What makes you giddy? This question was posed after several bottles of wine and many microbrews at a recent dinner party. And if you know me, it won't come as a surprise that my response was the farmer's market! I am sure Rob rolled his eyes, but it is true - there is just something about the stacks of vegetables, the flowers, the Colorado-made pasta, hummus, cheese and burritos, and the joy of wandering around, watching the other market-goers. In the case of last weekend you can also add sunshine and the rainbow of fall colors to that list. The Saturday Boulder Farmer's Market and fall in Colorado is not to be missed.
The fall weather continues to inspire my cooking and since my parents left for vacation and bequeathed the remaining squash in their garden to me, I am inundated with buttercup, acorn and butternut squash. No complaints here! The original recipe for this soup called for a mix of butternut and acorn squash (4 cups of each). I made it instead with 8 cups of buttercup squash and it was creamy and smooth (without any cream, I might add) and the flavor was intense. If you can't find buttercup squash, I am sure this will be equally as good with acorn, butternut, or whatever you can find at the market. The original recipe also called for adding 1/4 cup of whipping cream and sugar. If you taste the soup and think it needs to be sweetened, go for it.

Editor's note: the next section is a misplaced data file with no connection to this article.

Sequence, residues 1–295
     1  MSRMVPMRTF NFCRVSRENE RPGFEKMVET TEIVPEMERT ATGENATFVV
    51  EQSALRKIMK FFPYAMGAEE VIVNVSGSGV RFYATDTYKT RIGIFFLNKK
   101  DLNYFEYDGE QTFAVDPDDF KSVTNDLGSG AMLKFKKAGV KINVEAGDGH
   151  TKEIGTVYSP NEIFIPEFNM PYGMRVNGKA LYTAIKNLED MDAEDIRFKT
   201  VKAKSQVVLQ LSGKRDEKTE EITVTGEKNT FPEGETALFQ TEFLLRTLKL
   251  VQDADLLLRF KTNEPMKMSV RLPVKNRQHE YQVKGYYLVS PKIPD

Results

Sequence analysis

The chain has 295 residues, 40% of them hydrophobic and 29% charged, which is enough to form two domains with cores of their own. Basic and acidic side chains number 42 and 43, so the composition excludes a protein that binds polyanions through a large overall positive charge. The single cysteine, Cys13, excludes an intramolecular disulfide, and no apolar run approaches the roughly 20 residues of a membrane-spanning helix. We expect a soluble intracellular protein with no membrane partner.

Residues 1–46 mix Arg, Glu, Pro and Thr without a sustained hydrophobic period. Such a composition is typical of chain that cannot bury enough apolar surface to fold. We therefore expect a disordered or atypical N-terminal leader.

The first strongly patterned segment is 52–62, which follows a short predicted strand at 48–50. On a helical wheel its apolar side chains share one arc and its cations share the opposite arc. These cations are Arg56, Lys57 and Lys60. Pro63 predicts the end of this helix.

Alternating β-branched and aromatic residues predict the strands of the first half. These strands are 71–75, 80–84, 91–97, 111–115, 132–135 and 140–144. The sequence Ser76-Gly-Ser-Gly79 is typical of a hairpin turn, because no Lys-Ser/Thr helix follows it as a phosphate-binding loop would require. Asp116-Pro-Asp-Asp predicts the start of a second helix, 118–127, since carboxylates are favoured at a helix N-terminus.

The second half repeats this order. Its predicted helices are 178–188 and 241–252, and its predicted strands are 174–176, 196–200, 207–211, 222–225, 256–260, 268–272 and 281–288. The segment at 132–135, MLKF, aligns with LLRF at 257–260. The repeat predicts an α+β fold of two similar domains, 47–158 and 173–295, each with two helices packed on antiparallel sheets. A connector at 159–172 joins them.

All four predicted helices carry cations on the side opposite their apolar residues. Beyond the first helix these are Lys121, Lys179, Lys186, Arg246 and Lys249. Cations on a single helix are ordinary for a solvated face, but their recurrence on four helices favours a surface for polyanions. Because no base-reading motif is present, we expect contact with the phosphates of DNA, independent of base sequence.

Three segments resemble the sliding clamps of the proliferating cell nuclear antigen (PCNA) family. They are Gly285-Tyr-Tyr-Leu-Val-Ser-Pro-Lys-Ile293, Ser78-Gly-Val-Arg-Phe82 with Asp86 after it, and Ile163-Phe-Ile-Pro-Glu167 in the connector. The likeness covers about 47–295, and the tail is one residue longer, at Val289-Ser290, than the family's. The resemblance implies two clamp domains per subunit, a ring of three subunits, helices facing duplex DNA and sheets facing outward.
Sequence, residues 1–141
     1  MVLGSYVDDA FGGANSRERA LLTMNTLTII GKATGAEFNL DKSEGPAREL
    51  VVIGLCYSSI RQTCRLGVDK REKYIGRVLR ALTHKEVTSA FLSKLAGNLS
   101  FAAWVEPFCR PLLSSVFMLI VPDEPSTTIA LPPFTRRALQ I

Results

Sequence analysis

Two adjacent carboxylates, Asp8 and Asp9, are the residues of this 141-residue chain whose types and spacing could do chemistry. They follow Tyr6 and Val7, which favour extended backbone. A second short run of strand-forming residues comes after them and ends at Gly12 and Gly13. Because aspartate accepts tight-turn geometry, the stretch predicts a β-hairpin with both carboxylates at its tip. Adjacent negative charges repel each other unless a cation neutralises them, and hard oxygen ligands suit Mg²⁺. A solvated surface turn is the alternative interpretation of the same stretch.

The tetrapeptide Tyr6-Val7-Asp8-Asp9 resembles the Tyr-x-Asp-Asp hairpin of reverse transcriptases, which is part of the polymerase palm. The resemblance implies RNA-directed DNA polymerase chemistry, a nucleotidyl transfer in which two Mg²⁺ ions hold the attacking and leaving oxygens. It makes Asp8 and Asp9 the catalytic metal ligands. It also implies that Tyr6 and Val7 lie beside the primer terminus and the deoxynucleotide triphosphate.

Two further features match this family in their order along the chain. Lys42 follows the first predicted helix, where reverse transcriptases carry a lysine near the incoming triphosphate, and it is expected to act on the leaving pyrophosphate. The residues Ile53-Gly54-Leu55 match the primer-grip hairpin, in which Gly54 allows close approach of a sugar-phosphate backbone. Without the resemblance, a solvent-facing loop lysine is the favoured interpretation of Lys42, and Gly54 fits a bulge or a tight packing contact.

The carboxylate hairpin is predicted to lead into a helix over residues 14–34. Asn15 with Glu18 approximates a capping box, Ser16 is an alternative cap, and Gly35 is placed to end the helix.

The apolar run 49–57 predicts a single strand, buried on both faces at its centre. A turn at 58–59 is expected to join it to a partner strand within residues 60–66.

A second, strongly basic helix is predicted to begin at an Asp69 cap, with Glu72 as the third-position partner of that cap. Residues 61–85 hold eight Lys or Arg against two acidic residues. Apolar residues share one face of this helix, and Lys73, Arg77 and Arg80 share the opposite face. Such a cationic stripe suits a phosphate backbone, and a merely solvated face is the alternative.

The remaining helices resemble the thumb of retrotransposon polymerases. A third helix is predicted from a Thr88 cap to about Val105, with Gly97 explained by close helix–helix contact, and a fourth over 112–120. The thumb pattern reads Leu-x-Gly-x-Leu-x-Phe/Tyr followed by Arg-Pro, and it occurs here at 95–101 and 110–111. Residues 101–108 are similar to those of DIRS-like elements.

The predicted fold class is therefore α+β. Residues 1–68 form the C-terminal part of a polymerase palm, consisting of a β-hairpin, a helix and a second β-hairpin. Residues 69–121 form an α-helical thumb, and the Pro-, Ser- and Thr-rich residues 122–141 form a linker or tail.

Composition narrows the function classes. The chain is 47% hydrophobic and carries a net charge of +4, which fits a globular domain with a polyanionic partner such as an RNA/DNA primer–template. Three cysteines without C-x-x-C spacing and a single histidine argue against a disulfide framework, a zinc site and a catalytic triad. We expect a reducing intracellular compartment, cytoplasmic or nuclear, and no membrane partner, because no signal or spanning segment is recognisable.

I garnished mine with a dollop of Homemade Ricotta. I made a second batch of the ricotta and conducted an experiment. Instead of using 4 cups of whole milk, I used 2 cups of skim milk and 2 cups of whole milk. Truthfully, there was no perceptible change... and I feel a little less guilty adding it to, literally, everything that I eat.
Buttercup Squash Soup
Yield = 8 servings
Adapted from December 1996 Bon Appétit
Melt butter in large pot over medium heat. Add onion and garlic and sauté until tender, about 10 minutes. Add broth, all squash and herbs; bring to boil. Reduce heat, cover and simmer until squash is very tender, about 20 minutes.
Working in batches, puree soup in blender or with an immersion blender. Return soup to same pot and bring to a simmer. Season with salt and pepper. The soup can be made 1 day ahead. Chill. Rewarm over medium heat before serving.